Tasmania needs to build a collective voice for suicide prevention, according to the peak body representing community mental health.
On Tuesday the Mental Health Council of Tasmania launched the Safely Talking Toolkit, aimed at promoting safe and effective discussions around suicide and suicide prevention.
It comes as a new report from KPMG, on behalf of Suicide Prevention Australia, warned suicide deaths were on track to grow up to 40 per cent nationally without better prevention and earlier intervention.
MHCT chief executive Connie Digolis said while progress had been made regarding the acceptance of mental illness, there were still inconsistencies around how people talked safely about suicide and its impact in communities.
"I think there is a level of acceptance - especially for illnesses such as anxiety and depression - that we wouldn't have seen 10 years ago," she said.
"But I think there are still ways many people often, while well intentioned, inadvertently use language that can be quite harmful for people or even for the community.
"The toolkit and the approach we are taking is about encouraging people to have the conversations, but to make sure we are using a language that is consistent and also safe."
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Launched in Hobart on Tuesday and coinciding with World Suicide Prevention Day, the Safely Talking Toolkit was created in partnership with Everymind, with funding from the state government.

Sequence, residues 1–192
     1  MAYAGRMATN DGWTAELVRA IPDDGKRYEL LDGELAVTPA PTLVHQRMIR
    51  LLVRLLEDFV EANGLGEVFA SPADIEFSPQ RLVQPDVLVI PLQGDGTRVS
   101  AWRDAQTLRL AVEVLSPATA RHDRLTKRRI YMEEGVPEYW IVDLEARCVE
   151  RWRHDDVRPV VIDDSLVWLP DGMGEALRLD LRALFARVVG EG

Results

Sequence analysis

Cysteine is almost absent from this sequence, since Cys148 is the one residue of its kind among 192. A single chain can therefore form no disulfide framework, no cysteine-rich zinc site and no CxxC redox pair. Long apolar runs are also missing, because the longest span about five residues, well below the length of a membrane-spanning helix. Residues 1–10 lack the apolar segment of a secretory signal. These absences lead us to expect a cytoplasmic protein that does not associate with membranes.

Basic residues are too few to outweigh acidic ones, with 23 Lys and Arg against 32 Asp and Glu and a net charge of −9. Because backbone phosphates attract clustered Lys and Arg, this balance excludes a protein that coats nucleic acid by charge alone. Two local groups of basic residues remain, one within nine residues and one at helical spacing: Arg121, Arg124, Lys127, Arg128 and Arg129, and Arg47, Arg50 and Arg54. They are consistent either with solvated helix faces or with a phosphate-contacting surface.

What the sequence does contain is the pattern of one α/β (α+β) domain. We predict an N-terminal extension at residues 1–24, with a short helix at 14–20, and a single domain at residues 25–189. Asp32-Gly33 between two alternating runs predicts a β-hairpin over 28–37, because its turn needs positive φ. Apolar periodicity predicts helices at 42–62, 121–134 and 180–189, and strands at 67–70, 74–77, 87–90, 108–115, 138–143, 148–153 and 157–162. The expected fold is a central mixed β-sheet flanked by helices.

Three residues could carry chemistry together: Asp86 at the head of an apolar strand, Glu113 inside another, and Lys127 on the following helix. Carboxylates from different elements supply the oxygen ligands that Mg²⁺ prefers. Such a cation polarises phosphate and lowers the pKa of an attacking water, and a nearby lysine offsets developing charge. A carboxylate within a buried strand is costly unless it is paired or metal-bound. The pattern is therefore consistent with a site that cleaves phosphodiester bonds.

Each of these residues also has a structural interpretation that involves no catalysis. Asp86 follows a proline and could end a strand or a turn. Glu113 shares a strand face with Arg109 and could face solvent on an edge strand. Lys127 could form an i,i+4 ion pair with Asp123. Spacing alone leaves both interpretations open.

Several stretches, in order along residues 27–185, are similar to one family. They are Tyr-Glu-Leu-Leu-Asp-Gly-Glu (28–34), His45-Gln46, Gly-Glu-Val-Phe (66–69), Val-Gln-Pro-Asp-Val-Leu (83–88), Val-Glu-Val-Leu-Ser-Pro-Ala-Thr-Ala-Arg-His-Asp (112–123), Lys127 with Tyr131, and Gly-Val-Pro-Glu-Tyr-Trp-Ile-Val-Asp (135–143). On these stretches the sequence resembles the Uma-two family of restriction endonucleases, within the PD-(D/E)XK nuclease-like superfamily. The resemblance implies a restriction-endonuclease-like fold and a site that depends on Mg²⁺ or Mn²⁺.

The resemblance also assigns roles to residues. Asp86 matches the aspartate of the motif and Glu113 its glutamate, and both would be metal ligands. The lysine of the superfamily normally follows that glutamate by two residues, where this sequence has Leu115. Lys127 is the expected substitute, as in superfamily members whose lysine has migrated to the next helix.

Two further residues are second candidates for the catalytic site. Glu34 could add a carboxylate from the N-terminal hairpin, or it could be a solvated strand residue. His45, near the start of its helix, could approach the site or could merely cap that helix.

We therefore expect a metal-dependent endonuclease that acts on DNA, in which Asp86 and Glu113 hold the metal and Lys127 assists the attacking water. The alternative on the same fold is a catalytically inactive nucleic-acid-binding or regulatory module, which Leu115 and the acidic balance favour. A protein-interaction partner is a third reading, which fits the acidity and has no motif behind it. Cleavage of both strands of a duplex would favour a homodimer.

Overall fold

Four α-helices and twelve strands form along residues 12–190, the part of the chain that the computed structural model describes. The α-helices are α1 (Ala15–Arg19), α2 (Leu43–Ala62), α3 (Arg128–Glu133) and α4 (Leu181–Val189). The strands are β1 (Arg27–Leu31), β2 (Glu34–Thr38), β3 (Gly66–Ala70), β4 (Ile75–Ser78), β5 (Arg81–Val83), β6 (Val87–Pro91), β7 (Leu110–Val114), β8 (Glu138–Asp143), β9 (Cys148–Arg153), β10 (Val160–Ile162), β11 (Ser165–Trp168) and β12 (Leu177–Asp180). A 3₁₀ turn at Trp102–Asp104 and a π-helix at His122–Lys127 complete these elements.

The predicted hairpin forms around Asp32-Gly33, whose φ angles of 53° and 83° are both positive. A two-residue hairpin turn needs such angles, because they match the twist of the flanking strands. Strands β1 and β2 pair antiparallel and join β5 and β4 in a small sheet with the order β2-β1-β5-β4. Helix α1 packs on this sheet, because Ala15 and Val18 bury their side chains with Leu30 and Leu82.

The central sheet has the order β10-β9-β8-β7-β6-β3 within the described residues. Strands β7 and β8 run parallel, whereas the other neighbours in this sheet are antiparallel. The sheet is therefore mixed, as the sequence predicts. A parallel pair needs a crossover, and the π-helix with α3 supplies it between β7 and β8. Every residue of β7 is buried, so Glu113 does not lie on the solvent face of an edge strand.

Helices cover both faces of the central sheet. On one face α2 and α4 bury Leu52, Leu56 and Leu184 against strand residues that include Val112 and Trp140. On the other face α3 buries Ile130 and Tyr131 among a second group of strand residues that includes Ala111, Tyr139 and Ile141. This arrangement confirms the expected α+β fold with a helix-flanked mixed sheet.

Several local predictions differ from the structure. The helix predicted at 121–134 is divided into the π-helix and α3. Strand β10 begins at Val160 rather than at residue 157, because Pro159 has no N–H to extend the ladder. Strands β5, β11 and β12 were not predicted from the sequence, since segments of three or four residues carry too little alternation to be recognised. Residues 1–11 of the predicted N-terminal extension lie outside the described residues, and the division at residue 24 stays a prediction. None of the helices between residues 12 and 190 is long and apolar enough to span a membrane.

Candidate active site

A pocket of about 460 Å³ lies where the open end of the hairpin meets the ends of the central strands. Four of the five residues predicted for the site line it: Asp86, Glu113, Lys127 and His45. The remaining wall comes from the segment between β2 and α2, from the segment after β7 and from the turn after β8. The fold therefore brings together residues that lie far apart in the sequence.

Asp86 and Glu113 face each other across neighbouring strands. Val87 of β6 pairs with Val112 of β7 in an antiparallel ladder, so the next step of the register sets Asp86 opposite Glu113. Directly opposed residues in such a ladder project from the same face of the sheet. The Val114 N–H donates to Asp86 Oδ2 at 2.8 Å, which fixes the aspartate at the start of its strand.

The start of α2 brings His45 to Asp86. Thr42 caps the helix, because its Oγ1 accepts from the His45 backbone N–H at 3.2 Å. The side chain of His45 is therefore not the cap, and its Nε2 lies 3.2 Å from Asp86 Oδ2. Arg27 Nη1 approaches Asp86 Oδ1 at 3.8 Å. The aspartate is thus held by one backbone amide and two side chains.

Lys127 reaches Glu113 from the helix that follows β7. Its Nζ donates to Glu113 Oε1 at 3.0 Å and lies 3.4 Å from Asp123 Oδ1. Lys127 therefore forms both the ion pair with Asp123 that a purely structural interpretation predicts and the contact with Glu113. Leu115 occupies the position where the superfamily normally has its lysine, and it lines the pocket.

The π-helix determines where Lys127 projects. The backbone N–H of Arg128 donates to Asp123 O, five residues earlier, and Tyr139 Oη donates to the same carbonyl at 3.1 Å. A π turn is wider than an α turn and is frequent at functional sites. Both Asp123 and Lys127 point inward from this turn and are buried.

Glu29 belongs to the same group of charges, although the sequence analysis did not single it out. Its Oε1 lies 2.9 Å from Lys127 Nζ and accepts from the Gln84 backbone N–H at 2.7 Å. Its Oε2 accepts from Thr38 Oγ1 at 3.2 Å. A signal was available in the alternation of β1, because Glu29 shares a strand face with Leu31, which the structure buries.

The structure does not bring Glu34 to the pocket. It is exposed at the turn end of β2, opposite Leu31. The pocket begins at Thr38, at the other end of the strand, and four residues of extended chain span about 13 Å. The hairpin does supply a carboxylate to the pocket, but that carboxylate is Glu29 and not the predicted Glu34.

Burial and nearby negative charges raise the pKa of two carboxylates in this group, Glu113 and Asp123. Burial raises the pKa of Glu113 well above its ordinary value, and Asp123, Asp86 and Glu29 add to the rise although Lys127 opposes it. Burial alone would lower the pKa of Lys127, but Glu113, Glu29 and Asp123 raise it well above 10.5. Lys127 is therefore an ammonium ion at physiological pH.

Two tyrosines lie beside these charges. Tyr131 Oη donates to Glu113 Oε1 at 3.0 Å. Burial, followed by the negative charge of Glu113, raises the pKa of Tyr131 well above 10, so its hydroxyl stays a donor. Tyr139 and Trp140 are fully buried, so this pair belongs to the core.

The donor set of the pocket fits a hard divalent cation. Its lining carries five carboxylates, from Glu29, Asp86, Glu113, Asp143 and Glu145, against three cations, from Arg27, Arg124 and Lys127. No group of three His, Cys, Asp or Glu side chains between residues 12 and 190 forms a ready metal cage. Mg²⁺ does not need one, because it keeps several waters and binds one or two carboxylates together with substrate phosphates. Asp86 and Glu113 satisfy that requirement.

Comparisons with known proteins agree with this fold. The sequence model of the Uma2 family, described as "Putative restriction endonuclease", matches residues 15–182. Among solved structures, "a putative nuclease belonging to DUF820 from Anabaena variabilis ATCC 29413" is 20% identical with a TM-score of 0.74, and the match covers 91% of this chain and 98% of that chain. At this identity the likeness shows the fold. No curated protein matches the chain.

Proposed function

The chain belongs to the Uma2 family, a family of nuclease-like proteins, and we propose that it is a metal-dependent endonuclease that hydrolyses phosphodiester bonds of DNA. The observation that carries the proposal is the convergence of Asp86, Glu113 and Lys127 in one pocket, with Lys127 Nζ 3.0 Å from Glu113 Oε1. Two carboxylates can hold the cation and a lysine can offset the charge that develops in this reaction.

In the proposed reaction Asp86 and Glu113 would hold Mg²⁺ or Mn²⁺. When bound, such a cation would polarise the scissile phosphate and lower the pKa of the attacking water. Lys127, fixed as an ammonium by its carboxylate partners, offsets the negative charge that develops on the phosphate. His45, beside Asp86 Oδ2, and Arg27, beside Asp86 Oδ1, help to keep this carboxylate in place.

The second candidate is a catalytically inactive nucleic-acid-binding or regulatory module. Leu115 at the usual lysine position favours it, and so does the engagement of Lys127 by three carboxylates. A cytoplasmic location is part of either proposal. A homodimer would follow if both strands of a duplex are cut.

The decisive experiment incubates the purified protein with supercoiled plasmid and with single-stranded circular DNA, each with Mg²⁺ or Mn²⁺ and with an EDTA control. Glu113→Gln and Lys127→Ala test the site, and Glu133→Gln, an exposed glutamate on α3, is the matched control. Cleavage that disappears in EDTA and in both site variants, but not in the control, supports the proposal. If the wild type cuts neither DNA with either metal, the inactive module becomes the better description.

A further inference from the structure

With three workshops to be held across the state this week, Ms Digolis said the toolkit was Tasmanian focused and the first of its kind.
Also released on Tuesday, Suicide Prevention Australia's Imagine a World Without Suicide paper predicted 1300 more deaths by suicide would occur each year by 2030, if worsening trends from the past decade continued.
The report examined emerging trends in housing, finance, employment and relationships and their likely effect on Australians in the coming decade.
Labelling the findings as a "major wakeup call", Suicide Prevention Australia chief executive Nieves Murray said the challenge was to now look at suicide prevention beyond a health response.
"The challenge for this decade is preventing the next wave of stressors - whether they be financial, personal or environmental - transforming into a threat to suicide rates in the first place," she said.
"The better we can proactively predict what economic and social risks are around the corner, the better we can prepare Australians ahead of time and prevent suicide rates increasing."
The Safely Talking Toolkit can be found here.
- For crisis support, call Lifeline on 13 11 14.